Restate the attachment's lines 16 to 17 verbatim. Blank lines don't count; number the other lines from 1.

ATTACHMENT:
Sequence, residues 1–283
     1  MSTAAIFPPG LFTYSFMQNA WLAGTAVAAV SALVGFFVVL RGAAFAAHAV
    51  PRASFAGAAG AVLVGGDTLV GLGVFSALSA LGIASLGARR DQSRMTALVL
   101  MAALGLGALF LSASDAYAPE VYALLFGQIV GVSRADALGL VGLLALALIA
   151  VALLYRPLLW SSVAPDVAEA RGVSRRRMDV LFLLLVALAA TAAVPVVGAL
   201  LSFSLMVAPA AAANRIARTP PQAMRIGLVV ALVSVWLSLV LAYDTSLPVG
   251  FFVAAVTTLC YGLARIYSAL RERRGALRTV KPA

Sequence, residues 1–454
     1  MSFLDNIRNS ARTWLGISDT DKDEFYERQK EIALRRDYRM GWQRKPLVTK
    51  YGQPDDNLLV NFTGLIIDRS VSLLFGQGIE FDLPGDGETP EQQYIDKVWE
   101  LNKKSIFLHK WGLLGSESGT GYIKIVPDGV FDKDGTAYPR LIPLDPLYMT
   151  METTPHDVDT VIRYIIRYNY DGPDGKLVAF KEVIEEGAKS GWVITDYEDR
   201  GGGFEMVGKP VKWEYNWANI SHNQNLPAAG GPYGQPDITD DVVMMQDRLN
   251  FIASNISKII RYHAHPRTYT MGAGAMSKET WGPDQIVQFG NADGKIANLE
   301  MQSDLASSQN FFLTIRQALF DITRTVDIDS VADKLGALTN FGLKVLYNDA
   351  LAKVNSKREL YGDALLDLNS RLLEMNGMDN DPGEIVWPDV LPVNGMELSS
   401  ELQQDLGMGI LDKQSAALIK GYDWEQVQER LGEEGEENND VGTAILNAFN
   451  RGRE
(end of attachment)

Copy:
   351  LAKVNSKREL YGDALLDLNS RLLEMNGMDN DPGEIVWPDV LPVNGMELSS
   401  ELQQDLGMGI LDKQSAALIK GYDWEQVQER LGEEGEENND VGTAILNAFN